SCOTT: Sing it with me, Andrew: Here he comes to save the day! (C'mon, you know the words …) It seems that Brian Greenspun, through some combination of buyout, asset-swap and/or threats of big brotherly noogies, has wrangled sole control over the Greenspun Media Group from his siblings (with whom he has been notoriously squabbling). First order of business: He halted the negotiations, previously approved by his brother and two sisters, that would have dissolved the joint-operating agreement with the Review-Journal, which keeps the Sun alive. Until now, despite Brian's various legal maneuverings, most of us assumed that the doomsday clock was ticking off the paper's final minutes.
In a way, I'm surprised I was surprised by the deal. The minute I heard about it, I mentally smacked my forehead: Of course. It makes sense. An ownership shuffle is a clean, angst-free way to resolve both the family and the JOA issues, and it leaves the media holdings in the hands of the only Greenspun who really cared about them anyway. That Brian appears to be going all-in on the journalism properties isn't surprising: As the oldest son of a complex, charismatic father who built the Sun into the cornerstone of his family's civic stature — and left it as his real legacy, Green Valley and the cable system notwithstanding — Brian has always appeared more emotionally invested in the journalism stuff than his brothers and sisters. Now this deal appears to save the Sun, and preserves at least the theoretical possibility of another compelling journalistic voice in the community, even if the print Sun has lately been reduced — correction: reduced itself — to running reams of wire copy.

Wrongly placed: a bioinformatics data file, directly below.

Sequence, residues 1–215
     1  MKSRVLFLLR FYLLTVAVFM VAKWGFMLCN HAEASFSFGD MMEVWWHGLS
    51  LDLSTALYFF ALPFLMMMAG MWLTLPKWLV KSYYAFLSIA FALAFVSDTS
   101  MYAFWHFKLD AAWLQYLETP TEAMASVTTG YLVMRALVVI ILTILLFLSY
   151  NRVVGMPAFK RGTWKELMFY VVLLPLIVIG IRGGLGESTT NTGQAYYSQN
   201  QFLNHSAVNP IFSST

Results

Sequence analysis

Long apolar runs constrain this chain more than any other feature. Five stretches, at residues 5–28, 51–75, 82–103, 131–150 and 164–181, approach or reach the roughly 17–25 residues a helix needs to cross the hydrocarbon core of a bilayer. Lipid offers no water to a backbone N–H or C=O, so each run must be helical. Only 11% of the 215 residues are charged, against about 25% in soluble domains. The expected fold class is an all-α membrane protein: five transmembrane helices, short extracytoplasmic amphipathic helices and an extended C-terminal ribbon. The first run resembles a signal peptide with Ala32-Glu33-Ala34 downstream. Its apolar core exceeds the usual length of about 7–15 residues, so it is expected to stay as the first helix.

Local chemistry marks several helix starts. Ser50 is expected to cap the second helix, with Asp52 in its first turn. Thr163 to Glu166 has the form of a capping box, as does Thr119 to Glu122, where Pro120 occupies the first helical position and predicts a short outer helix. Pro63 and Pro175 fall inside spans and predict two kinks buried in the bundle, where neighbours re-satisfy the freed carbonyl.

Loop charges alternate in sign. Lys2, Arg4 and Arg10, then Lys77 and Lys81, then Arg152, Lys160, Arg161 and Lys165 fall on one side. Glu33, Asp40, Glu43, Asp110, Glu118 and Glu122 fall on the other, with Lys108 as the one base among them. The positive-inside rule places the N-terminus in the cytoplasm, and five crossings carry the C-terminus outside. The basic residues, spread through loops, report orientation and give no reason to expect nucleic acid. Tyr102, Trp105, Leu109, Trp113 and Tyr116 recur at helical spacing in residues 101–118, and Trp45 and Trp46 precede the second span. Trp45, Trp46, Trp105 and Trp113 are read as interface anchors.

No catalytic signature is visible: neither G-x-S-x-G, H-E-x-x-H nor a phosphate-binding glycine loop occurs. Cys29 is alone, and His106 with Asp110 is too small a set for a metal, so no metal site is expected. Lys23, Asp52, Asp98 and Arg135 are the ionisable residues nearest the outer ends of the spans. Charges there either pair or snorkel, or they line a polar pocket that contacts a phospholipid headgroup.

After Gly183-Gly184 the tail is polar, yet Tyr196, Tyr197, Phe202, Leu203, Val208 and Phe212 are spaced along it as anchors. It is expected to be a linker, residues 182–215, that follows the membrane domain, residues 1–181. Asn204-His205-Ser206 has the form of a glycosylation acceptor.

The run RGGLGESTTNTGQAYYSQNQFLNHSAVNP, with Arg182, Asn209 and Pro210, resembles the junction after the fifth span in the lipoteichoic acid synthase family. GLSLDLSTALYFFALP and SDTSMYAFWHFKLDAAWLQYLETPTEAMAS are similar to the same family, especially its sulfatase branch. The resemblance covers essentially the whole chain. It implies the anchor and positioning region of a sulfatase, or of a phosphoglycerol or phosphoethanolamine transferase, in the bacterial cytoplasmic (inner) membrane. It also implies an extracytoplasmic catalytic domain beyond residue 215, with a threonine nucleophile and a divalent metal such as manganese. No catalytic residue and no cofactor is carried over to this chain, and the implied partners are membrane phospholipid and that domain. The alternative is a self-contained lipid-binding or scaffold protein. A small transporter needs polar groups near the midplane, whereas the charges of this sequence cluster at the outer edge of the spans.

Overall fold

ANDREW: It was definitely a nice little surprise checkmate — I can totally imagine RJ Publisher Ed Moss doing a whaaaat just happened?! face-grab — that hadn't occurred to me. In both our chit-chat about it between us and other media gossip circles, the dissolving of the JOA and the presumed subsequent death of the Sun had taken on this sense of a grinding, inescapable heat death. Is it me, or is Brian Greenspun kinda giving off quasi-hero vibes in all this?
But hold the comeback "Eye of the Tiger" music montage! Now Brian has shored up a bunch of Greenspun legacy media — Las Vegas Magazine, Las Vegas Weekly, Vegas Inc., among others, including The Sunday, which I'm still baffled by. It starts to look as problematic and unwise as it does noble: He's calved off from the family iceberg a host of primarily print publications. In the 21st century. In a crowded market where weeklies are thinning or dying. In an economically recovering city where dailies are slashing staff. The rest of the pubs he took as part of the deal don't have the convenient corporate-welfare IV drip that the Sun does via the JOA, which injects the paper with a share of annual RJ profits (according to the RJ, it was $1.3 million in 2012). I don't know how the GMG empire was previously structured, whether everything was silo'd off, whether profitable divisions that were big producers could carry the losers and the limpers, but I'll be curious to see how well a "pure" media company does with him at the helm.